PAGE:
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SPC John D. Greer

“Mr.” Pendry,

I recently requested and got your book as a Christmas present and was able to read it while I was on leave. I just wanted to let you know that I thought it was an insightful book. It’s given me a few ideas now for personal professional development, such as the “Personal METL [Mission Essential Task List]” which I’m now attempting to complete.

It’s nice to see emphasis on unit level leadership. I’m going to pass this book along to my 1SG today as I know he will enjoy it as much as I have.

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SPC Michael T. Krause, US Army

The normal “NCO guide” that is put out these days mostly focuses on getting the “right” schools, the “right” jobs, and overall instructing today’s Noncommissioned Officer on how to “get ahead”.
Well, that is exactly what The Three Meter Zone isn’t.

Instead, this book presents exactly what the title states: common sense leadership. There aren’t any tips in here about “how to max the board” or get all your “tickets punched”. No, inside this book are hard, practical lessons on how to lead and train soldiers, and last time I checked that was the mission of the NCO.

Punctuated and enhanced by real world scenarios, and seasoned by CSM Pendry’s own philosophies, The Three Meter Zone is a veritable encyclopedia of the NCO’s profession. I can only hope the NCOs in my support channel will get hold of a copy (I will certainly be lending mine out), and take to heart all the teachings inside of it. Brutal honesty and practical advice are the methods CSM Pendry uses, and they instruct well. I may not be an NCO yet, but when I do pin those stripes on, I can assure you my leadership will be heavily guided by a dog-eared copy of The Three Meter Zone.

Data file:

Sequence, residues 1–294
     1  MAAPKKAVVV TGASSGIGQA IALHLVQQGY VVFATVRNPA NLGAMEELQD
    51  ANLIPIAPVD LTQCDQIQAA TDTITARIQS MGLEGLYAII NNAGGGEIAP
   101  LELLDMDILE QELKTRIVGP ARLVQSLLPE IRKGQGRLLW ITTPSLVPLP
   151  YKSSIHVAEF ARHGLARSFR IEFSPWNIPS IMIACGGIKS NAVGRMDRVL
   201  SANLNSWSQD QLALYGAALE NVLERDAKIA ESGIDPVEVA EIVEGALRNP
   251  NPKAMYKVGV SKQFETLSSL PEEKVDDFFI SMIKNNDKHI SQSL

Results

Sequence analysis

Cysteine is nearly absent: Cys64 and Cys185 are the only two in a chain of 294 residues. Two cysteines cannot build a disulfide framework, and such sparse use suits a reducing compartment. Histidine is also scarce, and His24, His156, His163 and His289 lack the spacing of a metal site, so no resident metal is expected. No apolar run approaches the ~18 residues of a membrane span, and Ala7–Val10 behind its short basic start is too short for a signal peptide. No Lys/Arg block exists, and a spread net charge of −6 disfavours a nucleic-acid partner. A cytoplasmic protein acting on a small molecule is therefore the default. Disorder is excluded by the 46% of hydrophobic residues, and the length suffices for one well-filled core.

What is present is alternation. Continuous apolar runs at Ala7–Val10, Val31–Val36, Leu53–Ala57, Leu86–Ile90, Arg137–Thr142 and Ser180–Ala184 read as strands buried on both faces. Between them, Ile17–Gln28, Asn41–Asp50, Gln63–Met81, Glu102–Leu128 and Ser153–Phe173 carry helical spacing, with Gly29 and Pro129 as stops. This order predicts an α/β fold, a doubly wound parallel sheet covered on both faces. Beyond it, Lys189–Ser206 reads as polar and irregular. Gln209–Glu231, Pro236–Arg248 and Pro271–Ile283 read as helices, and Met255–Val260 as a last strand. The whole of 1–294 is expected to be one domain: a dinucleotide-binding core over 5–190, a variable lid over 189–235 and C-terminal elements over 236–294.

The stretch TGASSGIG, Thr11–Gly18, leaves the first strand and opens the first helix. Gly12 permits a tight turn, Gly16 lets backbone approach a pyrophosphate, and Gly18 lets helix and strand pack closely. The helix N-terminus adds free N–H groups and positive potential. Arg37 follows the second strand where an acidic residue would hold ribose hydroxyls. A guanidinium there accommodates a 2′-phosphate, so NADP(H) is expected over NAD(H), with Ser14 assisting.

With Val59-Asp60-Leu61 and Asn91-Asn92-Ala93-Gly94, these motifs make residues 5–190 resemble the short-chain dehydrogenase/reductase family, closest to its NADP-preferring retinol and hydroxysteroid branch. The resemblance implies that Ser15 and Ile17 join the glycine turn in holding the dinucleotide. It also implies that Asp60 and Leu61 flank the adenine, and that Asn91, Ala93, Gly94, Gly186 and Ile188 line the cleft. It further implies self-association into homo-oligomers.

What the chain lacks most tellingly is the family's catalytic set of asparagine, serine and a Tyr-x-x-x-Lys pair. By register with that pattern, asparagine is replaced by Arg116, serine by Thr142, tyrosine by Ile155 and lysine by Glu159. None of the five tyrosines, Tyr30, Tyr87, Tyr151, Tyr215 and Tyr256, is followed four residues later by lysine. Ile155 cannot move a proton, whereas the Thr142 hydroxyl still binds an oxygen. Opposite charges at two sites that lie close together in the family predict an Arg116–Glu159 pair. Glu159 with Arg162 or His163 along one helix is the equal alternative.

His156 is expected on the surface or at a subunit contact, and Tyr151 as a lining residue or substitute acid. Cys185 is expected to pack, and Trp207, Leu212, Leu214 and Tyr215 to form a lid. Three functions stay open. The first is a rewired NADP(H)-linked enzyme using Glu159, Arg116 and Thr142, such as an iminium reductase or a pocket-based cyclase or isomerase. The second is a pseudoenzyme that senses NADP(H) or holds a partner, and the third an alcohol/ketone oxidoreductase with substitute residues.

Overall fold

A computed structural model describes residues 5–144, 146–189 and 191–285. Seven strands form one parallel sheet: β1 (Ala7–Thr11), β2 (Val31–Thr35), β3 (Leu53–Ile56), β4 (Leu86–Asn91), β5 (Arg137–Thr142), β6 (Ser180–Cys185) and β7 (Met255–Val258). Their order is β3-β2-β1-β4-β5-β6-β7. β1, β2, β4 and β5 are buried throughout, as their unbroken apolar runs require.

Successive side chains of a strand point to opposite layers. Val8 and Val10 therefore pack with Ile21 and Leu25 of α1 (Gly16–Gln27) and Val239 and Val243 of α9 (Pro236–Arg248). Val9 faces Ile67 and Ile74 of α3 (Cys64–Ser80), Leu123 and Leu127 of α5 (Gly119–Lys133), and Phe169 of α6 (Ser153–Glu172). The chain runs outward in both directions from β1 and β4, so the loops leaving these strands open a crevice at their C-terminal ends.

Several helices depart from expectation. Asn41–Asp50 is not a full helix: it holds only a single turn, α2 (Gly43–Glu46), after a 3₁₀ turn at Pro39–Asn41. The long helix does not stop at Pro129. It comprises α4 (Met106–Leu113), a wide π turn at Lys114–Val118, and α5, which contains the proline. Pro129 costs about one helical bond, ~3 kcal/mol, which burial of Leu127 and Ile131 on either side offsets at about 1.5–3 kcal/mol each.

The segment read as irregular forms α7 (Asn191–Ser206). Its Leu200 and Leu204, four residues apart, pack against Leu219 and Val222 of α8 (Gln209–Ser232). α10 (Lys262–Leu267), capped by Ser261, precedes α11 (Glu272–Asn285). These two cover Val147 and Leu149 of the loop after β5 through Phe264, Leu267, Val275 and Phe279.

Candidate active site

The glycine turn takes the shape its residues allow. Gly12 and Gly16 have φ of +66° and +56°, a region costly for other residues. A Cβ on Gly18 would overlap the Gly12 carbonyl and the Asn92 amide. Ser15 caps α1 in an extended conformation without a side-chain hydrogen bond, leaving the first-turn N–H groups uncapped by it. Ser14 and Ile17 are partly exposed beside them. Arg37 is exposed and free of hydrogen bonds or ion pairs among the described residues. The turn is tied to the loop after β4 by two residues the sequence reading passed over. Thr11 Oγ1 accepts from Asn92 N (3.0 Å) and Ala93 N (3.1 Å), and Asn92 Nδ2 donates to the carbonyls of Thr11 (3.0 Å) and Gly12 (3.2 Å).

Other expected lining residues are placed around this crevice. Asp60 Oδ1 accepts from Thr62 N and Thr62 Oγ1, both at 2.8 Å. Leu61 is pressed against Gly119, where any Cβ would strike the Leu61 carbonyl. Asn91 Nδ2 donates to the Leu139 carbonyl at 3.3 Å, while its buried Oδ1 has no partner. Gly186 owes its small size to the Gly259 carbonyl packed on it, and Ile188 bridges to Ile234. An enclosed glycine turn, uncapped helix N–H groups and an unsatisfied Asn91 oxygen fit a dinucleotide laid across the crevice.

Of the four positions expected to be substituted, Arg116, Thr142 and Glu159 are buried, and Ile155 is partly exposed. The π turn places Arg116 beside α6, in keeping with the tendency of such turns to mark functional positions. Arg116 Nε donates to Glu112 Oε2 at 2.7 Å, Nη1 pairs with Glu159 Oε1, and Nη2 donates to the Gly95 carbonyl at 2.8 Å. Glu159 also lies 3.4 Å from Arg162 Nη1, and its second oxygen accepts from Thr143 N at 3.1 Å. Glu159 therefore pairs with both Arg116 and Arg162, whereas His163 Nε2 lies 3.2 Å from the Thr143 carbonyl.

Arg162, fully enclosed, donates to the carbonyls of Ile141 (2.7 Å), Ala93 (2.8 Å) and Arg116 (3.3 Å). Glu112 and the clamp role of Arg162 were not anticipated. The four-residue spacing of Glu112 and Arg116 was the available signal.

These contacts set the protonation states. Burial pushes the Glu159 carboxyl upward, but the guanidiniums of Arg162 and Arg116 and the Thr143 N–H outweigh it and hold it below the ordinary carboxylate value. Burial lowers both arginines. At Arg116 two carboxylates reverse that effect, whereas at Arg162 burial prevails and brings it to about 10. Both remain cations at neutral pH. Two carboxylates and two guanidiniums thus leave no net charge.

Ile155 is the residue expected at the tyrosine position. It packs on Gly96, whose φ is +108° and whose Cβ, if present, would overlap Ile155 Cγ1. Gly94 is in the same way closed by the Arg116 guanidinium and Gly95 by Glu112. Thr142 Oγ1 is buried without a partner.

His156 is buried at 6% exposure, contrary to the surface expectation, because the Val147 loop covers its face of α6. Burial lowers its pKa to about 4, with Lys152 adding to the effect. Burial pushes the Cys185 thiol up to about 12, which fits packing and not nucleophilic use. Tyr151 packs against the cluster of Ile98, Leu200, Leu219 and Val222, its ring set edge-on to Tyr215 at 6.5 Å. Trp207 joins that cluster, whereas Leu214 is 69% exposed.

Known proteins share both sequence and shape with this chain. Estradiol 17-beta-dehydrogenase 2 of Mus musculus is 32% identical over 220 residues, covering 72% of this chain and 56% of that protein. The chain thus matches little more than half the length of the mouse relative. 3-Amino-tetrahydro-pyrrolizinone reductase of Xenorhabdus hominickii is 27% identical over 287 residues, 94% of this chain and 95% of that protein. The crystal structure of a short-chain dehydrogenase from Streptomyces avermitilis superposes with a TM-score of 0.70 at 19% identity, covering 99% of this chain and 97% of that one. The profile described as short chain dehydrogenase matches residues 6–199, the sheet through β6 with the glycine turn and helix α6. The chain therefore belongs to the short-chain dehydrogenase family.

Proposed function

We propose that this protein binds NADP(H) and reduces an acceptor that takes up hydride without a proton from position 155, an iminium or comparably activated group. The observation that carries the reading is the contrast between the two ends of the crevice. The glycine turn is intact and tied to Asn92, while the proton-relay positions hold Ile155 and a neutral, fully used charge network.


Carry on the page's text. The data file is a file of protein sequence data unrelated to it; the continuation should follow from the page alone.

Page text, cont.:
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Charles O’Brien, MSgt, USAF

CSM (Ret) Pendry

I came across your book a few years ago and incorporated it into my training program. It is now required reading by all my junior NCOs. Once a trooper reads the book, I start shaping and molding him (or her) into the NCO that I, and the Air Force, can be proud of.

Your book has become the outline for my program. It must work, I’ve turned out some fine lieutenants and NCOs.

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SFC Patrick Dyer, Military Police NCO Academy